Coronavirus: Post-menopausal women may be at higher risk

Post-menopausal women may be more likely to get severely ill with coronavirus, according to research. 

Researchers from King's College London say their findings suggest high levels of oestrogen protect against Covid-19. 

They analysed data from almost 600,000 women in the UK who use the COVID Symptom Study app.

People who have the app report how they feel every day, including if they develop symptoms of the coronavirus or get a test result.

Results showed post-menopausal women were 22 per cent more likely to report symptoms of Covid-19 than women who still had periods.

They were also more likely to be hospitalised and need respiratory support — an indication of severe Covid-19.   

The findings suggest HRT — drugs which contain artificial oestrogen to help relieve symptoms of the menopause, such as hot flushes — may boost the immune system.

Data showed HRT appeared to lessen the severity of Covid-19 in post-menopausal women because they were less likely to need hospital care.

Younger women on the combined contraceptive pill, which contains oestrogen, also had lower rates of Covid-19 symptoms than women who did not. 

Post-menopausal women may be at a higher risk of getting coronavirus, according to a recent study (stock)

Post-menopausal women may be at a higher risk of getting coronavirus, according to a recent study (stock)

Oestrogen is a sex hormone that's responsible for the development and regulation of the female reproductive system. 

Levels of oestrogen plummet in post-menopausal women and can influence how the body functions — including the immune system.

The researchers, led by Dr Ricardo Costeira, suggested oestrogen could protect against Covid-19.

This could explain why the disease and MERS — another related type of coronavirus — pose more of a threat to men more than women. 

The experts wrote: 'It has been well-illustrated that females generally mount greater inflammatory, antiviral, and humoral immune responses than males.'

They added that this contributes to better clearance of viruses, including SARS-CoV-2 — which causes Covid-19.

The study looked at 44,000 post-menopausal women who stopped having periods within the last five years. They were 53.8 years old, on average. 

WHAT IS THE MENOPAUSE? 

Menopause is defined as the changes a woman goes through as she stops getting her periods and is no longer able to get pregnant naturally. Around 60 per cent experience symptoms resulting in behavioral changes and one in four will suffer severely. 

Common symptoms include hot flushes, night sweats, vaginal dryness leading to discomfort during sex, disrupted sleep, decreased sex drive, problems with memory and concentration and mood swings.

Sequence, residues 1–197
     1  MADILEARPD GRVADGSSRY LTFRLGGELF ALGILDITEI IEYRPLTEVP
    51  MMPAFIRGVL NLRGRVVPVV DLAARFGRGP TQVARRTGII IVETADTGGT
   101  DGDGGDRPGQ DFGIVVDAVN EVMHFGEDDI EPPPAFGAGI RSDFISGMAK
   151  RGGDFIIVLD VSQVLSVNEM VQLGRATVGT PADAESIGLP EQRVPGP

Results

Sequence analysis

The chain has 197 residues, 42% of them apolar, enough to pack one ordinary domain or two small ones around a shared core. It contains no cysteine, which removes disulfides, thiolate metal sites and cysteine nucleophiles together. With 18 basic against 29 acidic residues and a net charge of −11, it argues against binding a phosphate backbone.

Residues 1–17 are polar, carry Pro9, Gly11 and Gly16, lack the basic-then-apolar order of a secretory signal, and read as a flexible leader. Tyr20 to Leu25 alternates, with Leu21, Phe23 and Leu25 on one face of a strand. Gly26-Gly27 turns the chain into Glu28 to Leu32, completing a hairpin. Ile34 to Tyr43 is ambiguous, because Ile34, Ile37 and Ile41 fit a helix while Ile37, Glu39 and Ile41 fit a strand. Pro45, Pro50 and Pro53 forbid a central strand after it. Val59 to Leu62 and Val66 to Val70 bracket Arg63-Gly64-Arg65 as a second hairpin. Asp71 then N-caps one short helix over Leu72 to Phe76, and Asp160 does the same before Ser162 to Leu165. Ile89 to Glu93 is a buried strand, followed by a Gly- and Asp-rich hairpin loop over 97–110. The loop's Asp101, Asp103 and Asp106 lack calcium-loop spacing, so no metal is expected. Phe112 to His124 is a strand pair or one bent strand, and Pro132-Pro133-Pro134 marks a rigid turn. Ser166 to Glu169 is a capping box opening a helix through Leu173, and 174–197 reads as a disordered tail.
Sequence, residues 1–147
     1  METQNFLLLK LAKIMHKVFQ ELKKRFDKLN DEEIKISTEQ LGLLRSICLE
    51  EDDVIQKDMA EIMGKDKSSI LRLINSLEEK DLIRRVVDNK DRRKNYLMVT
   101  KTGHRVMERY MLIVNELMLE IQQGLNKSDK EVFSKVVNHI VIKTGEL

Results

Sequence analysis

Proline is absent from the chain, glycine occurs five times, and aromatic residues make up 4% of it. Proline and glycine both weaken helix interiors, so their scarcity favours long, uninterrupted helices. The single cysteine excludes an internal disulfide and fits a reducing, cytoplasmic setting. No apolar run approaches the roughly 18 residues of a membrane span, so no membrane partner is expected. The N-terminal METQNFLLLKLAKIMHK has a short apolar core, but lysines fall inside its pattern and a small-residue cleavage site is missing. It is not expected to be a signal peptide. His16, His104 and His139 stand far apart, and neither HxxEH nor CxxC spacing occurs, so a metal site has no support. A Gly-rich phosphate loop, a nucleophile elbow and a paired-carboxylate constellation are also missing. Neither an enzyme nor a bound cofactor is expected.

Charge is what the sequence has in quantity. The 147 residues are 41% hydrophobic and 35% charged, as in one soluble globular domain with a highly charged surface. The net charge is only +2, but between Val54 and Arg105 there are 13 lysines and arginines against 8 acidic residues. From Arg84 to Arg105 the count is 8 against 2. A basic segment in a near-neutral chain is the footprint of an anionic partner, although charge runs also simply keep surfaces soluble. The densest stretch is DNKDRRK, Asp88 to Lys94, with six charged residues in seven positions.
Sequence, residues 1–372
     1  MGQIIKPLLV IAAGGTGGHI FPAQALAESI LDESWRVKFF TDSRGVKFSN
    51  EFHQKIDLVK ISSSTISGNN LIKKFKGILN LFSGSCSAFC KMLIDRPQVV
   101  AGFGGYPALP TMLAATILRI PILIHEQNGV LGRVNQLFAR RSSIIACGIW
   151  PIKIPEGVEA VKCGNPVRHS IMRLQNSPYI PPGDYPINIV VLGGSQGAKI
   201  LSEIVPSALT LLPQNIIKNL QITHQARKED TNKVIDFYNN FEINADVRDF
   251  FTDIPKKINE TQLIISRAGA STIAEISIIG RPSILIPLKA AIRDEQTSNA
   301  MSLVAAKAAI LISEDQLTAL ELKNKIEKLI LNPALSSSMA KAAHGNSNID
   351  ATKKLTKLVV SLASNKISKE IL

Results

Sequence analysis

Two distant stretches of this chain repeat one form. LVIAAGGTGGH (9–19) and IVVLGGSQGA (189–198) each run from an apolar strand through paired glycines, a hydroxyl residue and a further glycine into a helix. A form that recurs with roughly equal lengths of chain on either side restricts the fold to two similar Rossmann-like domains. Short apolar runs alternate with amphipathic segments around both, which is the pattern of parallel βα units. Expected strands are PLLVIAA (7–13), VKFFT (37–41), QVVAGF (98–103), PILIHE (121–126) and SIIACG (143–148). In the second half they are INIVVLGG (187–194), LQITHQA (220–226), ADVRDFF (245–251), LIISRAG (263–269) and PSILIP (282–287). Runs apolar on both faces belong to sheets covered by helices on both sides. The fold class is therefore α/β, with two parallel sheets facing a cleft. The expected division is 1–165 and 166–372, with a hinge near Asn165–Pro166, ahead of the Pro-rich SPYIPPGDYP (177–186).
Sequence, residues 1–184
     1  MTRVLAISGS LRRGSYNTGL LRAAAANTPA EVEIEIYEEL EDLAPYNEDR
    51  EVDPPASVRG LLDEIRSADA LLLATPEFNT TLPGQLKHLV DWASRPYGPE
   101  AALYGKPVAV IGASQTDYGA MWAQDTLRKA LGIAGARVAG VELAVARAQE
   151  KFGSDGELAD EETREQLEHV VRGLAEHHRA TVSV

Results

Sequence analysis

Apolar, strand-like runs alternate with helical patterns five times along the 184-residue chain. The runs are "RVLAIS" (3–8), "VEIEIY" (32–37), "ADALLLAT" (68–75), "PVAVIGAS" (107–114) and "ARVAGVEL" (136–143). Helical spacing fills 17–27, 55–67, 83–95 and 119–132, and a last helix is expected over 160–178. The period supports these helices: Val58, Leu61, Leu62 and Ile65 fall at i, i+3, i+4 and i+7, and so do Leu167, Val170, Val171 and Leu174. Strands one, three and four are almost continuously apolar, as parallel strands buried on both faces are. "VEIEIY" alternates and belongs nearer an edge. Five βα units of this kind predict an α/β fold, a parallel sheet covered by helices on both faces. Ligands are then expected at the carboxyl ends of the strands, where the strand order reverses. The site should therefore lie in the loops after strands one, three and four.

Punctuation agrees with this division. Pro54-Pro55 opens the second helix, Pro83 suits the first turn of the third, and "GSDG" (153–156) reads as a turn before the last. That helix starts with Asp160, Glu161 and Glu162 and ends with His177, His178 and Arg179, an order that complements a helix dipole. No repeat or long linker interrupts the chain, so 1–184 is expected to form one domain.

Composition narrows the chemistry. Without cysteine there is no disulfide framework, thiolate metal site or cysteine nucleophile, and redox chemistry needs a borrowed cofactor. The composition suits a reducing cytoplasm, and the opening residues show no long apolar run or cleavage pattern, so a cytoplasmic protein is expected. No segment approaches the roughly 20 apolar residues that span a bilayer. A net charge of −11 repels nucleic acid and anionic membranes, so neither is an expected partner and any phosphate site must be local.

Menopause happens when your ovaries stop producing as much of the hormone oestrogen and no longer release an egg each month.

In the UK, the average age for a woman to reach the menopause is 51, according to the NHS.

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The average age for a woman to reach menopause – when regular periods stop – is 51.

The data of the first group was compared against 108,000 pre-menopausal women who still regularly menstruated.

Results showed that post-menopausal women were 22 per cent more likely to report Covid-19 symptoms. 

They reported typical tell-tale signs of a persistent cough and loss of taste and/or smell (anosmia).

But they reported a fever, hoarse voice, loss of appetite and muscle pains at far higher levels. 

Often in studies that rely on self-reporting Covid-19 symptoms say the higher the number of symptoms, the more severe the disease.

This study measured severe Covid-19 based on if the patients were hospitalised or needed respiratory support.

Post menopausal women were four per cent more likely to be hospitalised and 60 per cent more likely to need respiratory support than those still menstruating.

But the experts admitted it was not a significant difference. The findings were not published in a medical journal. 

Academics did not look at whether certain groups of women were likely to catch the virus in the first place. 

Older people are more vulnerable to the coronavirus because their immune systems are weaker and they cannot clear the virus as quickly. 

But the researchers adjusted the results for age, as well as body mass index (BMI) and smoking which are both suspected as risk factors for Covid-19.

The link was still apparent after accounting for these

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